• Lobby Councillors on the detail of these plans
  • Promote to the Councillors what other councils have achieved
  • Publicise the risks of these developments in terms of flood risk and energy efficiency.


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SCV Photography Competition 2020

SCV photography competition 2020

Swindon Civic Voice Photography Competition 2020

Swindon Civic Voice Logo

It’s here again: the SCV Photography Competition 2020.

The competition is open to all photographers of any age or ability.

We launched it last year – in this post you can see last year’s winners. 

SCV photography competition 2020

Now, our Chair, Angela Atkinson, has a Born Again Swindonian’s Guidebook coming out in the next few weeks.  As you can see from the back of this book cover there’s a hashtag: #LookdownLookaroundLookUp

Born again Swindon guide book

The theme of the competition

And that sense of looking around and observing connects with the theme of  our 2020 photography competition: OPEN SPACES.


Phone taking picture

We’re not looking for fancy, technical wizardry. What we want you to do is think about #LookdownLookaroundLookup and see what captures your imagination in open spaces. And remember to think and look further than parks and gardens – though they could be good subjects.

Entry is free and photographers compete for age-related awards.

Because of the Covid-19 situation and restrictions around that, and children perhaps not being at school, we’re opening entries earlier and have extended the closing date. SO:

You can take images anywhere in Swindon or the borough between 1st June 2020 and 30th September 2020.


Simply send your photograph by email to: angela@swindoncivicvoice.org

between 1st June 2020 and 30th September 2020.

Announcing the winners

We’ll announce the results on the Swindon Civic Voice website and social media platforms.

Facebook: https://www.facebook.com/swindoncivicvoice/

Twitter: @SwindonV


For how we handle this, much depends on our situation regarding the Covid-19 pandemic. If it’s still not possible to have a physical gathering then we’ll arrange some sort of virtual event and put an appropriate prize in the post!


There are two categories determined by the age of the photographer on 1st June 2020.

  • Up to and including 16yrs
  • 17yrs and older


The judge(s) will look for images taken by any device (standard camera, phone, GoPro, drone, etc), which display a clear image. The winner will produce a powerful image that demonstrates an eye for detail, the unusual design or a different perspective – SO LONG AS IT FITS THE THEME OF OPEN SPACES.

The competition is not merely a hunt for pictures that show famous or well-known images. Rather novel, previously hidden or revealing new views.

Give free rein to your imagination, creativity and artistic skills!


  • Competitors must have landowner permissions for the photography location.
  • If using a drone, competitors must fly responsibly and abide by Civil Aviation Authority guidance.
  • Images must be taken within the competition geographic boundaries between 1st June 2020 and 30th September 2020.
  • There are no absolute limits on image processing post capture, but this is not a Photoshop skills competition. Changes made post image capture should not distort the image beyond what was essentially observed when the picture was taken.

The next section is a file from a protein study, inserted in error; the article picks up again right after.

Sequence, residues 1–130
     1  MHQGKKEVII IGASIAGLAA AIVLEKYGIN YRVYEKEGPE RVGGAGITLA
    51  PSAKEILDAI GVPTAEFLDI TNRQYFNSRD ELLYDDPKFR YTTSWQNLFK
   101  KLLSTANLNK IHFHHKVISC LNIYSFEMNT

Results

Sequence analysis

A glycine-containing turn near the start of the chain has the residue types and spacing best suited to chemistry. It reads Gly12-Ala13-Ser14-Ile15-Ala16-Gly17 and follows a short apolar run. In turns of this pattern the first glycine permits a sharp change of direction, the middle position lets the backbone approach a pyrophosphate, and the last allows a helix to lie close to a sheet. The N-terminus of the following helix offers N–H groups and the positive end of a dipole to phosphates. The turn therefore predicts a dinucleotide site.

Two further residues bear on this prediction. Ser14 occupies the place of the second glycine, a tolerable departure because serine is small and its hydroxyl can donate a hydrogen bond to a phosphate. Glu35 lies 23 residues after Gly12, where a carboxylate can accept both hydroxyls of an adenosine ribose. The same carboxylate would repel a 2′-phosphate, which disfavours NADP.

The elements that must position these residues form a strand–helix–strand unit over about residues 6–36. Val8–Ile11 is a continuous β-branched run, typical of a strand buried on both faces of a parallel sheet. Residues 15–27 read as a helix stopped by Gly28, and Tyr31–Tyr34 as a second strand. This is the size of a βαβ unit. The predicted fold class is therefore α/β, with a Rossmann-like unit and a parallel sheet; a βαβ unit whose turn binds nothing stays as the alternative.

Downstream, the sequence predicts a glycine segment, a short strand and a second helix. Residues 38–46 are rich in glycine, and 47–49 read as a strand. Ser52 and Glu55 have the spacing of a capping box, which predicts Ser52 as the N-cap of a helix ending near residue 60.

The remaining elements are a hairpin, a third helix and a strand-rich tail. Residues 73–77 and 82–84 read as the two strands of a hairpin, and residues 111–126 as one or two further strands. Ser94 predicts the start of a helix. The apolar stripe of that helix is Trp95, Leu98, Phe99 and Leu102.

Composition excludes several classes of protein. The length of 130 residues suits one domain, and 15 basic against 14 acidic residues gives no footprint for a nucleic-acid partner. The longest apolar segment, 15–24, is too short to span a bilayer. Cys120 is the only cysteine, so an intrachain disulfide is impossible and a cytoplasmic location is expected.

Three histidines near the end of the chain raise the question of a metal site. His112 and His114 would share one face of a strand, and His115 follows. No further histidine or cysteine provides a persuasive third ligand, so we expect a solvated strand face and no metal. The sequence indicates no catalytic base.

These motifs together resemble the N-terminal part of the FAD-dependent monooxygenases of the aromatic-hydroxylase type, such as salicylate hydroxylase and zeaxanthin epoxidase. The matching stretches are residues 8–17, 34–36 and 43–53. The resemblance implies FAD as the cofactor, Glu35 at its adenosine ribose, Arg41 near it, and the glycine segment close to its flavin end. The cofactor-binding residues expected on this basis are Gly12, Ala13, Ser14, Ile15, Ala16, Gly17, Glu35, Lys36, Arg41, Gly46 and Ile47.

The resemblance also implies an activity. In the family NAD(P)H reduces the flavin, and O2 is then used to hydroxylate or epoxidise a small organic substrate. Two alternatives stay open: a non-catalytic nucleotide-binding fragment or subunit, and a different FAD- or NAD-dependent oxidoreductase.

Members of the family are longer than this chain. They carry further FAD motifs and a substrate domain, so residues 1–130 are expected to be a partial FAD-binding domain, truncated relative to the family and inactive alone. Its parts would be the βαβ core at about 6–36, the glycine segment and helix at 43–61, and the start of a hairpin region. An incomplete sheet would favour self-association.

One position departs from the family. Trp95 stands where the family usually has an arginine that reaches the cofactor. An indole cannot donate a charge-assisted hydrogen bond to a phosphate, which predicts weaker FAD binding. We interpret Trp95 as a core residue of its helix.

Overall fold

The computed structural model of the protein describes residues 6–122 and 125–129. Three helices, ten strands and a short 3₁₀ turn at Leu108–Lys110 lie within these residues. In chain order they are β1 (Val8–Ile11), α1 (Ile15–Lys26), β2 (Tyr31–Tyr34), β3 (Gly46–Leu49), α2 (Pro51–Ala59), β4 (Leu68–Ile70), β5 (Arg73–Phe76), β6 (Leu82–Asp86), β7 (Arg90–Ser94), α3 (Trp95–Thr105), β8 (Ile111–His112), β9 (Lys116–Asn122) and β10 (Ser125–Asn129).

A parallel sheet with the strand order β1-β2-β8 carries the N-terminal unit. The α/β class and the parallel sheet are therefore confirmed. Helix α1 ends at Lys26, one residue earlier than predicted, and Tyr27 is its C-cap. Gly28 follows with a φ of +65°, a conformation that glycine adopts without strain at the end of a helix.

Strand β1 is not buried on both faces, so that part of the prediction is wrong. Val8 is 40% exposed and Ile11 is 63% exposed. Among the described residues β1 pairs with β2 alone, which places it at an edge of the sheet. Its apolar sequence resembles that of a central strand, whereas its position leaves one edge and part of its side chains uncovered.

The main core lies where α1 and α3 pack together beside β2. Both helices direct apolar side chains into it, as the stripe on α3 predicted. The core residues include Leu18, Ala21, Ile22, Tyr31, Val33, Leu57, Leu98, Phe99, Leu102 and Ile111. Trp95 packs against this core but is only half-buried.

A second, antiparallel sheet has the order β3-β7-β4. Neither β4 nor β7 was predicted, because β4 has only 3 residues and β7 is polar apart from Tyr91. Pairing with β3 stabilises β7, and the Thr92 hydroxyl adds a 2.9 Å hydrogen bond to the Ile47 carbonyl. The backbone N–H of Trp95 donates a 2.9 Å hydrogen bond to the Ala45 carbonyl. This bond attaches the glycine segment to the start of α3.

• Competitors can enter up to 2 images
  • Competitors should submit a caption for each image, up to a maximum of two sentences and a total of 50 words.

Ethical Standards

You should never do anything to injure or distress any human or animal during your photography.

Applicants are responsible for complying with any legislation and securing any relevant permits that are required, e.g. when entering buildings or locations.

Image Entry

Email images no later than 17.00 on 30th September 2020 as attachments to: info@swindoncivicvoice.org.uk Include your name, age (as at 1st June 2020) and image captions (title and location) in the email.

Re-sizing and naming images

1.Competitors should submit medium resolution JPEG or TIFF files, but please retain your original, unprocessed images. Images should have NO WATERMARKS.

  1. Entrants should rename their images to include their name, e.g. John_Smith_1 (add a suffix of 1 or 2 if submitting 2 images).

Photographers’ Image Rights

Swindon Civic Voice reserves the right to publish winning images on social media, but with due credit given to the photographer.

Images may also be used royalty free in media coverage of the event and materials to promote Swindon Civic Voice, but not for income generation.  Copyright will always remain with the photographer, who will be consulted for any other use of images not declared here.

The judges’ decision on any matters arising from these guidelines shall be final.

Prize and Awards

A first place winner of each category will receive a £25 gift voucher, second place £15 and £10 for third place.

Other category runner ups may have their images published on line or displayed and receive a certificate

Timetable 2020

1st June 2020 – Competition opens for submissions.

31st August 2020– Competition closes for submissions.

Judging: An independent panel will judge the entries

Swindon Civic Voice will announce the winners on Social Media and  inform prize winners by during October 2020.

We’ll announce the winners first and then the details of the prize giving.

Organisers’ contact details

Before the event, please direct any competition queries to: info@swindoncivicvoice.org.uk

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Darryl Moody of Local Studies

January 2020

Our second event of 2o2o, on Thursday 20th February, is a talk by Darryl Moody of Local Studies. (Our first talk being Adam Busby talking about the GWR Medical Fund Society )

The Logistics:

Central Community Centre – 7 to 9pm

Cost – to cover venue hire

£5 for non Swindon Civic Voice members
£3 for members of Swindon Civic Voice